The USGA is making major progress with its national development program.
A week after it was announced that a team of three junior girls would represent the U.S. at next month’s World Junior Girls Championship in Canada, Golf Channel has learned that a significant hire has been made.
Chris Zambri has been tabbed as the U.S. National Development Team’s head coach.
"I heard about the opportunity, and it sounded fascinating to me," Zambri told Golf Channel on Monday. "If there was one thing from coaching in college that I loved more than other things was player development and trying to really dive in on that side of the game, so this sounded like the things that I loved the most about coaching x5. ... My family and I are really excited about this opportunity."
Zambri is currently the associate head coach at Pepperdine, which he helped to an NCAA title in 2021 when he was a volunteer assistant. Prior to joining the Waves, Zambri spent 14 seasons as the head coach at USC, which he led to 12 NCAA Championship appearances in 13 tries, a trio of Pac-12 titles and a national runner-up appearance at the 2015 NCAA Championship. Zambri also coached 2007 NCAA individual champ Jamie Lovemark as well as notable alumni such as Stewart Hagestad, Rico Hoey, Justin Suh and Sean Crocker.
As a player, Zambri spent six seasons on the Korn Ferry Tour, then called the Nationwide Tour, and also competed in a pair of U.S. Opens.
Zambri won't officially begin his new job until Nov. 1, after he completes the fall season with a young Waves team that lost all but one player to graduation from last season's NCAA quarterfinalist squad.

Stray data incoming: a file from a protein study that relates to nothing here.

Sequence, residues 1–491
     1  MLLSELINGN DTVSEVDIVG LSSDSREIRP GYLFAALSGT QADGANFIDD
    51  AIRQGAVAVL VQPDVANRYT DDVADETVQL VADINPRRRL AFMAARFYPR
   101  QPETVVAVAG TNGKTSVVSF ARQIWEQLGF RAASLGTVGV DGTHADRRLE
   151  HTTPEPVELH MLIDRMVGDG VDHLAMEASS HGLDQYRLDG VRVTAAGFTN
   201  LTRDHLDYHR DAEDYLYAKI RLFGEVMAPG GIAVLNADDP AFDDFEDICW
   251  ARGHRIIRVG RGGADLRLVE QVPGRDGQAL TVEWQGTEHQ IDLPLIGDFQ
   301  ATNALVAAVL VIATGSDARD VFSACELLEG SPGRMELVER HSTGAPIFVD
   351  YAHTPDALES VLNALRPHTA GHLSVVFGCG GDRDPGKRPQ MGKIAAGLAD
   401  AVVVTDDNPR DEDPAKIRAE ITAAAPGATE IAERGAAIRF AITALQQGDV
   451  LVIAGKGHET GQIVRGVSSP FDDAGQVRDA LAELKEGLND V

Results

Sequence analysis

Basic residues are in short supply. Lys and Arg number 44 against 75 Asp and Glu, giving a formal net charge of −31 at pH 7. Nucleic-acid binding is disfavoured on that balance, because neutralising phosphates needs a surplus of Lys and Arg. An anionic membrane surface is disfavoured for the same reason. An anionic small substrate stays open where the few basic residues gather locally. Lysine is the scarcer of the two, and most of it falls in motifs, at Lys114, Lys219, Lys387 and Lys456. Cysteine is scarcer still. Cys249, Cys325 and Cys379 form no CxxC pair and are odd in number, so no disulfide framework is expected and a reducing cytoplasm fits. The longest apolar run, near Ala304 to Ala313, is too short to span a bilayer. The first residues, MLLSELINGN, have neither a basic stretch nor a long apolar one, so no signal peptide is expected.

"The opportunity that Michael [Beard] gave me, without it I wouldn't be in this position now, and I know that," Zambri said. "Being able to still be part of big-time college golf, allowing me to come into the fold at Pepperdine – and not just Michael but the athletic director, Steve Potts. ... I will always be indebted to Michael and Pepperdine for allowing me to be part of a really incredible stretch of college golf for that program. And I got to learn a lot from Michael; he's an amazing coach and does a lot of things really well that I need to do better – the way he manages people, how thoughtful and patient he is with decisions. I loved watching him recruit and how thorough he was, and how important it was to him to get to know kids really well that he was going to bring into the program."
In his new position, Zambri will be responsible for leading the day-to-day coaching operations for the U.S. National Development Team, creating strategies to identify prospective golf athletes, developing an elite golf program and tools to cultivate those athletes, maintaining communication between the individual athletes’ personal instructors and college coaches, and oversee training camps, among other responsibilities.
As Zambri describes it, his role is essentially to "help guide young golfers through the day-to-day process of improving."
"The road to becoming a great player from a young, good player is fairly perilous; it's just kind of wrought with a lot of opportunities that will be good and maybe not so good and hard to decipher between those, and this seems like it makes total sense," Zambri said. "Golf is the only Olympic sport that doesn't have this kind of organization behind it in the United States. ... This is going to allow us to have a bigger impact on taking players from being really young and great to getting to professional age and being really great still. How many great young players fell to the wayside because there wasn't a program like this around to help them make the kind of decisions that would keep them moving in the right direction?